Hoosiers, Penix Jr. ready for season-opener against Iowa

Indiana quarterback Michael Penix Jr., who suffered a torn ACL in November 2020, is on track to play in the Hoosiers’ Week 1 matchup with the Hawkeyes.


Jerod Ringwald

Indiana quarterback Michael Penix Jr. answers questions during day two of Big Ten Media Days at Lucas Oil Stadium in Indianapolis, Indiana, on Friday, July 23. (Jerod Ringwald/The Daily Iowan)

Austin Hanson, Sports Editor

INDIANAPOLIS — On Nov. 28, 2020, University of Indiana football quarterback Michael Penix Jr. suffered an ACL injury for the second time in his Hoosier career.

On a routine run play, Penix angled toward the sideline and was pushed out of bounds by Maryland linebacker Ruben Hyppolite II. Penix came down awkwardly on his right knee and was later diagnosed with a torn ACL.

Penix dealt with a torn ACL in 2019 as well, injuring his knee in his first career start.

“I think you got to be smart,” Hoosier head coach Tom Allen said at a Big Ten Football Media Days press conference Friday afternoon. “We have our discussion about [Penix’s injury history] as a staff. It is live, tackle football. I keep saying it. It’s true. Everybody on defense is trying to get to the quarterback. [Penix] knows that too. He’s not going to play in fear of that. He’s just got to let it rip, but be smart. I think there’s an understanding of where we want to put him, intentionally, in situations. Limit those, and you know what, he’s got to play the game.”

Now, Penix is entering his third season with the Hoosiers, and he’ll have little time to ease his way into Indiana’s 2021-22 campaign. Penix and the Hoosiers will open their 2021-22 season against a Big Ten Conference opponent — Iowa.

At Big Ten Football Media Days at Lucas Oil Stadium Friday, Penix said he’ll be ready and “100 percent” for Indiana’s Sept. 4 matchup with the Hawkeyes.

While Penix may be completely healthy when he takes the field against Iowa, he will likely be rusty. According to Allen, Penix hasn’t participated in any contact drills this offseason, and he isn’t likely to do so before the Hoosiers’ season-opener at Iowa.

“There’s definitely a progression, and he’s right where he needs to be,” Allen said. “. . . To me, that’s going to be very important, for sure, to get him in those conditions and get him comfortable and get him around. But he’s not going to get hit until Sept. 4.”

Indiana quarterback Michael Penix Jr.’s goat chain is seen during day two of Big Ten Media Days at Lucas Oil Stadium in Indianapolis, Indiana, on Friday, July 23. (Jerod Ringwald/The Daily Iowan) (Jerod Ringwald)

In past seasons, the Hoosiers have played Big Ten opponents like Iowa before league play begins. Most notably, Indiana played then-No. 2 Ohio State in Week 1 of the 2017 season. As a result, Allen and his team know how to prepare for an early-season matchup against a Big Ten foe.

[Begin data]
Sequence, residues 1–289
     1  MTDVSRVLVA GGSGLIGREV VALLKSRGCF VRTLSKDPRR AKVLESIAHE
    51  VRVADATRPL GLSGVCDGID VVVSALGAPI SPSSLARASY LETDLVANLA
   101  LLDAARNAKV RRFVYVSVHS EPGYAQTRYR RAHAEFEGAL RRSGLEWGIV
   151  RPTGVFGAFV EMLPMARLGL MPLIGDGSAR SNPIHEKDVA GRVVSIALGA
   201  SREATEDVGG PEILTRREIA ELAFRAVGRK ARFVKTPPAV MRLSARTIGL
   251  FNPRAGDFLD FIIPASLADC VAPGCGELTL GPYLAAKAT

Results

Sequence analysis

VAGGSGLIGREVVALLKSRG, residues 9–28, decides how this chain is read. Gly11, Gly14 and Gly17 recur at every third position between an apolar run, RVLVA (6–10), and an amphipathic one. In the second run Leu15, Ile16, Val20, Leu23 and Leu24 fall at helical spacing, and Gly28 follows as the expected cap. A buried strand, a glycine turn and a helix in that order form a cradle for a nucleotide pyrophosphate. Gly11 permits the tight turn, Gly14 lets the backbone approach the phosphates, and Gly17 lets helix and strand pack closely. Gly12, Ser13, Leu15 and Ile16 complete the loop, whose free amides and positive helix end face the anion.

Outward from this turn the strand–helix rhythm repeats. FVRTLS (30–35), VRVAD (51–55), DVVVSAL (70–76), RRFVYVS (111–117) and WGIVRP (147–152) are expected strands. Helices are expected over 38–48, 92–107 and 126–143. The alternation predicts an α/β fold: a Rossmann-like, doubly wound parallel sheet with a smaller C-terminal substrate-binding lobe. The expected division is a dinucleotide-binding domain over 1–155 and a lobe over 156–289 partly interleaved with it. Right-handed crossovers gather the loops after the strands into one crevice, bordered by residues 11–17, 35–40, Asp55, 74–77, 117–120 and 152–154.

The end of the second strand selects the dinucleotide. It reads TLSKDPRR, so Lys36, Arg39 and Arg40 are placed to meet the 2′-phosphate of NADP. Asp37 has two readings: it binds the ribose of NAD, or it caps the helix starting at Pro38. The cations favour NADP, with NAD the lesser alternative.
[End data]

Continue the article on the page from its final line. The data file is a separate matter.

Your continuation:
“I think [our preparation] has been great,” Penix said. “A lot of guys have been working very hard all offseason. You know, we’ve been pushing each other to be great. You know, we know we’re coming out with a big game. You know, Iowa is definitely a team that you have to respect and they always have a good team. So, I feel like we’re definitely confident. As long as we continue to go day-by-day with our preparation and just continue to push each other and strive to be great, everything will fall in our favor.”

Unlike Indiana, Hawkeye head coach Kirk Ferentz and his squad will be in unfamiliar territory come Sept. 4. Excluding their 2020 campaign — which featured a schedule that was altered by COVID-19 — the Hawkeyes haven’t opened a season against a conference adversary since 1979, according to Ferentz.

The last time Iowa faced a conference foe before league play began was in 2019. The Hawkeyes played Rutgers in Week 2 of that season, picking up a 30-0 win.

“It’s unique for us this year to open up with a Big Ten scheduled opponent,” Ferentz said Friday. “That is unique. I know last year was an exception for all of us, but I think you have to go back, I believe, 1979, 1980 when [former Hawkeye head coach Hayden Fry] was just getting started. I know they played Indiana, ironically, in ‘79. So, we open with Indiana this year. It’s something very different for us.”

While Ferentz and company plunge into unfamiliar territory, Allen is embracing the challenge Iowa will provide his Hoosiers right out of the gate in 2021.

“It’s going to be our third time [opening the season against Big Ten competition] since I’ve been here,” Allen said. “It’s my fifth year as head coach [at Indiana]. It’s definitely a challenge, without question. I love the way that it creates a sense of urgency with your team. The start of the season always creates excitement. There’s always that level no matter who you play, but when it’s a conference opponent and when it’s a team that of their caliber, coach Ferentz does a tremendous job there, the consistency, the toughness they have had for so many years, and to go and play in that venue to start the season is going to be very challenging.”

“But I love the way that you always get better in the preparation process,” Allen continued. “When you’re preparing for such a high-level opponent that early, it helps you, I think, have a better season.”

The Hawkeyes and Hoosiers are currently scheduled to begin their 2021 campaigns Sept. 4 at 2:30 p.m. at Kinnick Stadium. The matchup between the two teams is slated to air on the Big Ten Network.

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